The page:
In the time of Probus there is record of a large group who decided to hijack some Roman ships and return with them from the Black Sea – reaching the Atlantic after causing chaos through Greece and Gibraltar. It has been proposed that the
Nord-Pas-de-Calais (French pronunciation:, is a former administrative region of France. Since 1 January 2016, it is part of the new region Hauts-de-France, it consisted of the departments of Pas-de-Calais. Nord-Pas-de-Calais borders the English Channel, the North Sea and Picardy; the majority of the region was once part of the historical Netherlands, but became part of France between 1477 and 1678 during the reign of king Louis XIV. The historical French provinces that preceded Nord-Pas-de-Calais are Artois, French Flanders, French Hainaut and Picardy; these provincial designations are still used by the inhabitants. With its 330.8 people per km2 on just over 12,414 km2, it is a densely populated region, having some 4.1 million inhabitants, 7% of France's total population, making it the fourth most populous region in the country, 83% of whom live in urban communities. Its administrative centre and largest city is Lille; the second largest city is Calais, which serves as a major continental economic/transportation hub with Dover of Great Britain 42 kilometres away.
Other major towns include Valenciennes, Douai, Béthune, Maubeuge, Arras and Saint-Omer. Numerous films, like Bienvenue chez les Ch'tis. Nord-Pas-de-Calais combines the names of the constituent departments of Pas-de-Calais; the regional council, spells the name Nord-Pas de Calais. The northern part of the region was a part of the County of Flanders, with Douai as its capital; those who wish to evidence the historical links the region has with Belgium and the Netherlands prefer to call this region the French Low Countries, which means French Netherlands in French. Other alternative names are Région Flandre-Artois, Hauts-de-France, Picardie-du-Nord. Inhabited since prehistoric times, the Nord-Pas-de-Calais region has always been a strategic region in Europe. French President Charles de Gaulle, born in Lille, called the region a "fatal avenue" through which invading armies passed. Over the centuries, it was conquered in turn by the Celtic Belgae, the Romans, the Germanic Franks, the Spanish and Austrian Netherlands, the Dutch Republic.
After the final French annexation in the early 18th century, much of the region was again occupied by Germany during the First and Second World Wars. During the 4th and 5th centuries, the Roman practice of co-opting Germanic tribes to provide military and defense services along the route from Boulogne to Cologne created a Germanic–Romance linguistic border in the region that persisted until the 8th century. By the 9th century, most inhabitants north of Lille spoke a dialect of Middle Dutch, while the inhabitants to the south spoke a variety of Romance dialects; this linguistic border is still evident today in the place names of the region. Beginning in the 9th century, the linguistic border began a steady move to the east. By the end of the 13th century, the linguistic border had shifted to the river Lys in the south and Cap-Griz-Nez in the west. During the Middle Ages, the Pas-de-Calais department comprised County of Boulogne and the County of Artois, while the Nord department was made up of the southern portions of the County of Flanders and the County of Hainaut.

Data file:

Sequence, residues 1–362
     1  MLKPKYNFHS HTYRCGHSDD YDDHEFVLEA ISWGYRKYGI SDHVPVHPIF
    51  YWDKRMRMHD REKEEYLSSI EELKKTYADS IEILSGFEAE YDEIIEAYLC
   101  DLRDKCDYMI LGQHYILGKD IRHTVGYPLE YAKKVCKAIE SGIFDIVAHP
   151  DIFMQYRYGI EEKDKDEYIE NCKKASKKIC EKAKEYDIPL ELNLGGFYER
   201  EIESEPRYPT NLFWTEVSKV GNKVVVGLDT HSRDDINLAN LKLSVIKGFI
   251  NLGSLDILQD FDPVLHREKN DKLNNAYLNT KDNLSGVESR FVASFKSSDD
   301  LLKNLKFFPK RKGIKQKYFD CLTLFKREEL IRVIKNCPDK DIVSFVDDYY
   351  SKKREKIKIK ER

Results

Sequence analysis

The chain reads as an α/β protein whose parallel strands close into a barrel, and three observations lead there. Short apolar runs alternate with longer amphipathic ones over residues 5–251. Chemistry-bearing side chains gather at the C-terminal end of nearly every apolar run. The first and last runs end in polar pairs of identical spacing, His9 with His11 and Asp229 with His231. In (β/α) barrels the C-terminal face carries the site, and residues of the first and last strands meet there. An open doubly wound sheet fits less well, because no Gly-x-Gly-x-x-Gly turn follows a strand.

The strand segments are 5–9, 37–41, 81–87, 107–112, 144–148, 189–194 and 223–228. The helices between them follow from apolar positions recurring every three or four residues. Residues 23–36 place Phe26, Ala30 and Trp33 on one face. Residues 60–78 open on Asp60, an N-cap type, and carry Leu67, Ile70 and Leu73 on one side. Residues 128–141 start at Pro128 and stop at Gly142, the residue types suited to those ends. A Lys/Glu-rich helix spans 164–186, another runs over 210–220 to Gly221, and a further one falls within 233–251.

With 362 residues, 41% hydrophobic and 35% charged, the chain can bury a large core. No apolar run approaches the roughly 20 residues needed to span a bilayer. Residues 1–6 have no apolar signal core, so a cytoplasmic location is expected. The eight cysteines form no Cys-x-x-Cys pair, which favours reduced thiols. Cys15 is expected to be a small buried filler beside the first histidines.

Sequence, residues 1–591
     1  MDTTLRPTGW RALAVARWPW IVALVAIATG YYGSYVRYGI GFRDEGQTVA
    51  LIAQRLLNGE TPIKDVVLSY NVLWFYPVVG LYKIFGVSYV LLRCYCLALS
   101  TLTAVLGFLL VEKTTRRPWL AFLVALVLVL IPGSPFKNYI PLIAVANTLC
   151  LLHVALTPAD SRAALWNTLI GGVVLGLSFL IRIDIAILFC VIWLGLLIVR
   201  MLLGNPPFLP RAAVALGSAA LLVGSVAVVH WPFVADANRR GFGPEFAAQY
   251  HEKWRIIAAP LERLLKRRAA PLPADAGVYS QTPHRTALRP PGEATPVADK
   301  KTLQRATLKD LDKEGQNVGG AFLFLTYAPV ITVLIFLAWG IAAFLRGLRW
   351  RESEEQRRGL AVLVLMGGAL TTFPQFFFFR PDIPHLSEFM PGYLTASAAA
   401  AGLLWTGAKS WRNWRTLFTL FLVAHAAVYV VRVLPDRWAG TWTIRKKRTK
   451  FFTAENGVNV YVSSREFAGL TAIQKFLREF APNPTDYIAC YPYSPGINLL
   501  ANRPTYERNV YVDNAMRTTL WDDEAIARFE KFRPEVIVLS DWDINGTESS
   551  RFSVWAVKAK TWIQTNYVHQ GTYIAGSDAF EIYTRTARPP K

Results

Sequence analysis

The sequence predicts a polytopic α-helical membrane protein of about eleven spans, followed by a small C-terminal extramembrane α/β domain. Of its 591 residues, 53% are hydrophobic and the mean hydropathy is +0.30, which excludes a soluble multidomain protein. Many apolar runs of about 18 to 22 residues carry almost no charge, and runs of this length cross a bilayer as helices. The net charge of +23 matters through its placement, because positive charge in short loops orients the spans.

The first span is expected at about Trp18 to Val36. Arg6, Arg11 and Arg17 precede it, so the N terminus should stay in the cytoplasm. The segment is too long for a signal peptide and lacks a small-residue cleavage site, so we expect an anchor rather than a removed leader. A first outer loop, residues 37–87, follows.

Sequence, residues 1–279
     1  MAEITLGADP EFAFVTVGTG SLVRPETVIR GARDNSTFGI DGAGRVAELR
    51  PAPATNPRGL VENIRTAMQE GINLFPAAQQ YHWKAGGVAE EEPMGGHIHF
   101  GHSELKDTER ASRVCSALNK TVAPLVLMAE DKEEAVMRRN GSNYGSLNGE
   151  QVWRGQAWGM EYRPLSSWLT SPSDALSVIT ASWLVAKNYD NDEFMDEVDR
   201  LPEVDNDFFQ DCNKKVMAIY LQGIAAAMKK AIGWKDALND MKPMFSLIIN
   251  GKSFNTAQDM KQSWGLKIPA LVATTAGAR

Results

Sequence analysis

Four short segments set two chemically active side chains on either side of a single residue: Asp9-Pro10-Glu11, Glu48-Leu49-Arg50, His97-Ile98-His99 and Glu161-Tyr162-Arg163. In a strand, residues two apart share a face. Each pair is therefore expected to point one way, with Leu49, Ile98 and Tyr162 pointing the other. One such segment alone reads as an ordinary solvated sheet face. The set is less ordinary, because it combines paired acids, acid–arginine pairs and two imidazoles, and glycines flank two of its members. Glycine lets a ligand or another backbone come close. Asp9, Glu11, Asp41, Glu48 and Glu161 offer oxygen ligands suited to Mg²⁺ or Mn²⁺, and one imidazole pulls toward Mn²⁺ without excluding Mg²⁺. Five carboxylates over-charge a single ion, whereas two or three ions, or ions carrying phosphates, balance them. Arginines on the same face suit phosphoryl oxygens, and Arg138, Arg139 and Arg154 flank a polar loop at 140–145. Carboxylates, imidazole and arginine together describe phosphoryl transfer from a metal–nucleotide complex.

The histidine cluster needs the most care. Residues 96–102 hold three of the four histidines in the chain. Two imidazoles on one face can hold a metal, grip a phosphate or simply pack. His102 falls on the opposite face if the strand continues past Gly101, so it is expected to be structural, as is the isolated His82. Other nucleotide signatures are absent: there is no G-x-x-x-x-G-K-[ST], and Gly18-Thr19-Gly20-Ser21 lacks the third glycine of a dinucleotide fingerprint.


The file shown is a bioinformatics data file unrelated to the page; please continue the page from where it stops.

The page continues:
Boulogne and Flanders were fiefs of the French crown, while Hainaut and after 1493 Flanders were within the Holy Roman Empire. Calais was an English possession from 1347 to 1558. In the 15th century, all of the territories, except Calais, were united under the rule of the Dukes of Burgundy, along with other territories in northern France and areas in what is now Belgium and the Netherlands. With the death of the Burgundian duke Charles the Bold in 1477, the Boulonnais and Artois were seized by the French crown, while Flanders and Hainaut were inherited by Charles's daughter Marie. Shortly thereafter, in 1492, Artois was ceded back to Marie's son Philip the Handsome, as part of an attempt to keep Philip's father, Emperor Maximilian I, neutral in French King Charles VIII's prospective invasion of Italy. Thus, most of the territories of what is now Nord-Pas-de-Calais were reunited to the Burgundian inheritance, which had passed through Marie's marriage to the House of Habsburg; these territories formed an integral part of the Seventeen Provinces of the Netherlands as they were defined during the reign of Philip's son, Emperor Charles V, passed to Charles's son, Philip II of Spain.
During the Italian Wars much of the conflict between France and Spain occurred in the region. When the Netherlands revolted against Spanish rule, beginning in 1566, the territories in what is now Nord-Pas-de-Calais were those most loyal to the throne, proved the base from which the Duke of Parma was able to bring the whole southern part of the Netherlands back under Spanish control, it was a base for Spanish support of French Catholics in the French Wars of Religion. During the wars between France and Spain in the 17th century, these territories became the principal seat of conflict between the two states and French control over the area was established. Beginning with the annexation of Artois in 1659, most of the current Nord department territory had been acquired by the time of the Treaty of